“Our Playoffs hasn’t been great but with this format, it really doesn’t matter now. If you’re part of the show, you’re part of the show. And if you have a shot this weekend, you have a shot to change the narrative and write the end of the story however you want.”
Both Logano (Las Vegas) and Bell (Martinsville, Va.) won races in the Playoffs’ Round of 8 to earn their title opportunity. Elliott and Chastain “pointed” their way into championship contention.
In a rather unusual twist, the Hendrick Motorsports team could capture both the driver and team championship but with different drivers. Elliott is racing for the driver’s title and Kyle Larson qualified the team’s No. 5 Chevrolet for the team owner’s championship.
“The best thing that could happen is one of us wins the race and the other runs second and you can check both boxes and we all go home happy,’’ Elliott said. “That would be choice number one for me, and I think that’s feasible.”
For Joey Logano, nothing short of a championship will do
To say Joey Logano is optimistic about the way circumstances have played out over the past three weeks would be a massive understatement.
First of all, Logano won the first race in the NASCAR Cup Series Playoffs’ Round of 8 on Oct. 16 at Las Vegas. The certainty of advancement to the Championship 4 has given his No. 22 Team Penske team the luxury of extra time to prepare for Sunday’s title race at Phoenix.
At 32, Logano is the oldest of the four Championship 4 drivers. With 14 full seasons in the Cup Series and 506 races under his belt, he is by far the most experienced. He and Chase Elliott are the only two drivers vying for the title who already have won a championship.
For Logano, it’s an opportunity not to waste.
“I feel like we’re in a great spot right now,” Logano said on Thursday during Championship 4 Media Day interviews at the Phoenix Convention Center. “I feel like our team is in a great spot for a lot of reasons. For one, we’re not happy to be here. We’re not just happy to be in the Championship 4. This isn’t enough for us.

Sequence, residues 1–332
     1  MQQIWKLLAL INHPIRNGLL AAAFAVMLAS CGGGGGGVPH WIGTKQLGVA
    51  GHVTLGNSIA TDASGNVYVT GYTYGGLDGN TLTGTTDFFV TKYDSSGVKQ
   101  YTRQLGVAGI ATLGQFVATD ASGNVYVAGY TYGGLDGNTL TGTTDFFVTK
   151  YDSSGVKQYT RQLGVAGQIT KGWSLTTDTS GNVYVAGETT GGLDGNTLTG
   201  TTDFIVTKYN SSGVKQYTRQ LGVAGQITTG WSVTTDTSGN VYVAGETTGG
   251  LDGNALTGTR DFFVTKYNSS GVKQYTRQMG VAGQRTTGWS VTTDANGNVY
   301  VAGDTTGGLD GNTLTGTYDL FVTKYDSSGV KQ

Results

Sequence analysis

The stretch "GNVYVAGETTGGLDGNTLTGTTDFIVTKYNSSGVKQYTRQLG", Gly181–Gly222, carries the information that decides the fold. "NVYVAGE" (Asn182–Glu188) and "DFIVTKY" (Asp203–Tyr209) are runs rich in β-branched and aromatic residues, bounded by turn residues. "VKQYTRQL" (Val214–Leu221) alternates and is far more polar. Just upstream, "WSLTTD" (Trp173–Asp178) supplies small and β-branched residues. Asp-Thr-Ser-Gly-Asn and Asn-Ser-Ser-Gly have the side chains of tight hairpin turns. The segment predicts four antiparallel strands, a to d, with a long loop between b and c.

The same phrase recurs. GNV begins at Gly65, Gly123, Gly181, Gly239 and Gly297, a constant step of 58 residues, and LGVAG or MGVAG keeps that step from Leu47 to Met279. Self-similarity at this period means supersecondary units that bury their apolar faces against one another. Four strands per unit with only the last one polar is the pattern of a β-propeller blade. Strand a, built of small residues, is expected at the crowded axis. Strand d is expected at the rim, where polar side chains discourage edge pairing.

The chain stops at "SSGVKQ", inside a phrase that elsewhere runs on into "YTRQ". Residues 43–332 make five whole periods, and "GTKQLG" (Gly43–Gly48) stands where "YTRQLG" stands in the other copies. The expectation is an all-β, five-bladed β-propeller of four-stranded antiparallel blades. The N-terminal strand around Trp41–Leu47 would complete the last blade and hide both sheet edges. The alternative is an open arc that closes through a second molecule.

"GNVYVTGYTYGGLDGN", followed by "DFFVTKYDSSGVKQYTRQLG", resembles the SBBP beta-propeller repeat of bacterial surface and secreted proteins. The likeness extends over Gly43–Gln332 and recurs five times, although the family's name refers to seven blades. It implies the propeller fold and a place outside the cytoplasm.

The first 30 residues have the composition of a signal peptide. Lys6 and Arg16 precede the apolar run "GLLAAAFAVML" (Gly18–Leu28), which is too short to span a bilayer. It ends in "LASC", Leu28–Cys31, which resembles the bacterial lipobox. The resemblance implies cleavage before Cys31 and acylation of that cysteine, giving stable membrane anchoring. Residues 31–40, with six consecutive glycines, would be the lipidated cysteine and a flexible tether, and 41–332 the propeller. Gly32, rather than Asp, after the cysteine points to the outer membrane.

“I feel like that’s the number one driver for the 22 team to win this thing. I think with that mentality and the three weeks that we’ve had since Vegas to really focus in here, it’s going to give us a huge advantage to not only have a good practice plan and set our car up, but also execute this race correctly, on top of the experience we’ve got.
“I’ve never felt more solid in this position than I do right now. With that said, I’m ready to go racing and get out there, because we feel prepared. We’re ready to go to battle.”
Entering championship race, Christopher Bell is OK with relative obscurity
Given the dramatic way Christopher Bell has advanced to the Championship 4, it might seem strange that the driver of the No. 20 Joe Gibbs Racing Toyota thinks of himself as completely under the radar.
In a win-or-bust situation at the Charlotte ROVAL on Oct. 9, Bell took advantage of a late caution, won the race and catapulted into the Round of 8.
After suffering two flat tires a week later at Texas and finishing 11th a week later at Homestead-Miami, Bell once again needed a victory to keep his championship hopes alive. He took control of the Round of 8 elimination race shortly after the halfway point and triumphed once again.
Bell comes to Phoenix with crew chief Adam Stevens on his pit box. Stevens is the only active crew chief in the Cup garage with more than one championship, having won titles with Kyle Busch in 2015 and 2019.
But Bell thinks Stevens may be overlooked this season—because of his driver.
“I think that maybe has a lot to do with my role,” Bell said. “Nobody really realizes I drive race cars for a living, for the most part. I embrace that role. I guess I don’t do anything else to advocate myself or anything like that.
“Any time it seems like people are teamed up with me, they’re off the radar.”
Bell says he doesn’t mind the perceived anonymity.
“It’s just kind of the way it’s unfolded over my… I don’t really know how long,” he said. “That’s fine by me. Maybe I’ll be the least famous Cup champion one day.”